How Can I Pay for a Session of Eagle's Nest Camp? Eagles Nest Camp Blog Summer Camp in the North Carolina Mountains Eagle's Nest
Paige lays out a great plan for how to send kids to camp. It takes some hard work, grassroots type hard work, but those who really want to go to camp can do it. This stretching and prioritizing can even be extended to the children who attend camp. Think in a creative and disciplined way.
My parents sent Allison and me to camp in 1986 and paid for it all. I was 11 and Allison was 13. The Nest changed our lives and I don't remember having a greater priority than getting back to ENC the following year. Beginning in 1987, we each paid for half. Back then that was about $600 of a $1200 tuition (ah...inflation). For a 12 year old that was a lot. It meant I deposited monies from grass cutting, baby sitting, birthday, Christmas, Valentine's, etc. Wherever the money was coming in I had to be thinking about getting back to Pisgah Forest for three weeks the following summer. I believe it shaped my sense of money, savings, and most importantly, how I came to remember special experiences. Every time I gave up buying a pack of baseball cards, I had to remember an underwater-recovery pry that Grant had showed me or a Lodge led by Bruce that taught me how to Rock to the Casbah.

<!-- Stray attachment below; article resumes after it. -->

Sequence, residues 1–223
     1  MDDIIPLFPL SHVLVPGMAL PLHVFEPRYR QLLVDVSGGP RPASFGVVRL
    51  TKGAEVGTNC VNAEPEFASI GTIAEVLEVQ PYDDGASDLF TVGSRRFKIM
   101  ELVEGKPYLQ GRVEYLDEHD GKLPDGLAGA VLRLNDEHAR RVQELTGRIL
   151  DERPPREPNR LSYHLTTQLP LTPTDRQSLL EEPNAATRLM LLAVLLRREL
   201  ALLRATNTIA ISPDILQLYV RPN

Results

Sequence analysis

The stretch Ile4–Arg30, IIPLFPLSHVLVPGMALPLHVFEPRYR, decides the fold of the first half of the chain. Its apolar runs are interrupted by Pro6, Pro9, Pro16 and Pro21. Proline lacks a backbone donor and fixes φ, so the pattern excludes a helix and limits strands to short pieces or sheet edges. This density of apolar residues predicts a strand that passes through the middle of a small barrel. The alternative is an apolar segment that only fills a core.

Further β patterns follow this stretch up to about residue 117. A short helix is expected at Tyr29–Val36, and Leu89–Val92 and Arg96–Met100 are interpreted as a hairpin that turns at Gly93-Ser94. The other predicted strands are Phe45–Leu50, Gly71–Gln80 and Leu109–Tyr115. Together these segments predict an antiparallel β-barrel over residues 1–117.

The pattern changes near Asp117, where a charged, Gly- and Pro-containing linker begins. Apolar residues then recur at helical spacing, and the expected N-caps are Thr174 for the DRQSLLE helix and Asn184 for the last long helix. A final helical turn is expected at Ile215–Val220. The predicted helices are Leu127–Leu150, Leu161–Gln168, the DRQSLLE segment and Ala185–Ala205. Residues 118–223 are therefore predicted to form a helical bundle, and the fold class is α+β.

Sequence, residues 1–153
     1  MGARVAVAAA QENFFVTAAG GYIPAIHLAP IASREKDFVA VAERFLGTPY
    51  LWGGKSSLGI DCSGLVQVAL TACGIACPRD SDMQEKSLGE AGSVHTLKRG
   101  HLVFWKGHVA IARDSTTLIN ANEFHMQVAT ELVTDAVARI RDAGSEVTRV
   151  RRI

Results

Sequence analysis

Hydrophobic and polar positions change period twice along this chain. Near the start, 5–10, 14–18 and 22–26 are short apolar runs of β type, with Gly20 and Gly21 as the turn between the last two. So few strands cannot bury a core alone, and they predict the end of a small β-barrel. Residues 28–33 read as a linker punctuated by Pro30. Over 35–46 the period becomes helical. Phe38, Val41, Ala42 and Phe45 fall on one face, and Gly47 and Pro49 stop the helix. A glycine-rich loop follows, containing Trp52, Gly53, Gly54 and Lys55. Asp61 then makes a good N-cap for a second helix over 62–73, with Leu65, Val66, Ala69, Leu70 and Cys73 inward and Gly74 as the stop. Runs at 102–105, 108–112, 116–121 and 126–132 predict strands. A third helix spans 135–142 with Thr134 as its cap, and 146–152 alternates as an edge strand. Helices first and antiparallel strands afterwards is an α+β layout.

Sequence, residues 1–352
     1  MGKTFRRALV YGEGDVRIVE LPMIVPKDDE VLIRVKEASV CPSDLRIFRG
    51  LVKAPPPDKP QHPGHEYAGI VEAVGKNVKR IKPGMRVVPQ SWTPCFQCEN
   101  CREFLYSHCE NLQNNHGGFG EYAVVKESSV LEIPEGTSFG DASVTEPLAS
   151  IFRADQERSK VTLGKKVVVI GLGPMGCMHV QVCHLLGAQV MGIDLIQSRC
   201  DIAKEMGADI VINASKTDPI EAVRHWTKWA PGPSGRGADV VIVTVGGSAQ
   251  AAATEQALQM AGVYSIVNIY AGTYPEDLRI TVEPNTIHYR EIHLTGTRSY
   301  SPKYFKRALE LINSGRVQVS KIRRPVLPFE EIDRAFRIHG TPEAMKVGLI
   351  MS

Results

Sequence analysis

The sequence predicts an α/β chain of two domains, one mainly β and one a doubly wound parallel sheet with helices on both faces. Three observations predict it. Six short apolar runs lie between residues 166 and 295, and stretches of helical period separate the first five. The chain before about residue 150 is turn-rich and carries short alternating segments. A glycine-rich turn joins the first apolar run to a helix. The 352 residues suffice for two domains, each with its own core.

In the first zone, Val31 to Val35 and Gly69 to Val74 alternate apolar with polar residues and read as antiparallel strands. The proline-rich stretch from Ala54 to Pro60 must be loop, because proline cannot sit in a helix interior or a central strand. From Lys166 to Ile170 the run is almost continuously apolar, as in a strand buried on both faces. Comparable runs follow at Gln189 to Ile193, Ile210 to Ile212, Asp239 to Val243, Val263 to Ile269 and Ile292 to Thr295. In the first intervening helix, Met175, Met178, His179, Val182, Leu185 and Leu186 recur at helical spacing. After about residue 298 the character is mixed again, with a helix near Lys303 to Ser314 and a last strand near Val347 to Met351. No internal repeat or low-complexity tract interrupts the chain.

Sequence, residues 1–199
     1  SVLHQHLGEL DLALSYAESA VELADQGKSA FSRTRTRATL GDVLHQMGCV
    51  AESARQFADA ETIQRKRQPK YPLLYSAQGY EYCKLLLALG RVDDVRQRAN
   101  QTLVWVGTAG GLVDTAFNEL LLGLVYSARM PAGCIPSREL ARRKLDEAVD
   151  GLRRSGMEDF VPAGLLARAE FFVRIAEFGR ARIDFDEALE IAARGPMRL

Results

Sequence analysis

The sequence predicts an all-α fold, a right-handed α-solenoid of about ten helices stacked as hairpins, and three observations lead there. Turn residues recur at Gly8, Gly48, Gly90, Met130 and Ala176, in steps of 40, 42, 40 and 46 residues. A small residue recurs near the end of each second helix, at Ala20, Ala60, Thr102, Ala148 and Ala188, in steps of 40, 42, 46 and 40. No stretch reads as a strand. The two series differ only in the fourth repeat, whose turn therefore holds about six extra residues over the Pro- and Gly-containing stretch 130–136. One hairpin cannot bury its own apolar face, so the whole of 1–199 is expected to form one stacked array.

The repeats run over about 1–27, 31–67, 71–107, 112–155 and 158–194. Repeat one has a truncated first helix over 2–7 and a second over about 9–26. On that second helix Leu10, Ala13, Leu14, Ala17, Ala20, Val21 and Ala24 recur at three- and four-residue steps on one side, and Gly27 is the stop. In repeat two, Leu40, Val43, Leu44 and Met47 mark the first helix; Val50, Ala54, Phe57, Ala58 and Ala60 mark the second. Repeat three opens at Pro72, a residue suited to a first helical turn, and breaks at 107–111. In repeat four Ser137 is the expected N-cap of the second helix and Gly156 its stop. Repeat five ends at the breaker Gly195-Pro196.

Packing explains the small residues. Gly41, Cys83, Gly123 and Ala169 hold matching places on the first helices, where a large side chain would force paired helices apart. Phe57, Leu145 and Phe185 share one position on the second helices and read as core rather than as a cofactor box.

I spent the next eight summers at this camp. I was a camper for four summers, JC (Junior Counselor) for two, and a staff member for three summers. When the days grew long 43 Hart Rd was where I wanted to be up through my early 20s.
Now I started much later than my children. George IV started at five and Kathryn will start in 2012 as a seven year old. Their earning potential is compromised compared to me when I was 12 and older, but it is time to start thinking about counting the cost. Right now we have budgeted for only Kathryn to attend in 2012, but maybe George IV should get to consider what he is willing to give up in order to return to Eagle's Nest.
These are conversations that will unfold this fall. I hope you will consider such talks. My parents were creative and optimistic about how to get us to camp year after year. I wonder if they knew this would turn out to be one of their best instincts as parents.
The first task in getting to camp is not to lead with "No, we can't possibly afford that." You don't know that until you have turned over a few rocks, had a few conversations, prayed a little, meditated, let it simmer. Practice patience and humility and Eagle's Nest can be a part of your future.